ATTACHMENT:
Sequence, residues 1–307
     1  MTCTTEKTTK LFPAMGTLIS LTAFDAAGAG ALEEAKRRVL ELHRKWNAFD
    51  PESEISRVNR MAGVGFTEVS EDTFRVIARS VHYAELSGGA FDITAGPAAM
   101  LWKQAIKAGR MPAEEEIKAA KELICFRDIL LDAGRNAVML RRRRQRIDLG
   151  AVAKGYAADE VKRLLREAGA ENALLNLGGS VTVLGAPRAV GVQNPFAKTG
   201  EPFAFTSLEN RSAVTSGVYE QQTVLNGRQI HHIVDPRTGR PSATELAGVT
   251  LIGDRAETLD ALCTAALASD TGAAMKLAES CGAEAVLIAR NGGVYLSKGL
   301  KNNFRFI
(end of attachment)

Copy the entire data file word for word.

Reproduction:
Sequence, residues 1–307
     1  MTCTTEKTTK LFPAMGTLIS LTAFDAAGAG ALEEAKRRVL ELHRKWNAFD
    51  PESEISRVNR MAGVGFTEVS EDTFRVIARS VHYAELSGGA FDITAGPAAM
   101  LWKQAIKAGR MPAEEEIKAA KELICFRDIL LDAGRNAVML RRRRQRIDLG
   151  AVAKGYAADE VKRLLREAGA ENALLNLGGS VTVLGAPRAV GVQNPFAKTG
   201  EPFAFTSLEN RSAVTSGVYE QQTVLNGRQI HHIVDPRTGR PSATELAGVT
   251  LIGDRAETLD ALCTAALASD TGAAMKLAES CGAEAVLIAR NGGVYLSKGL
   301  KNNFRFI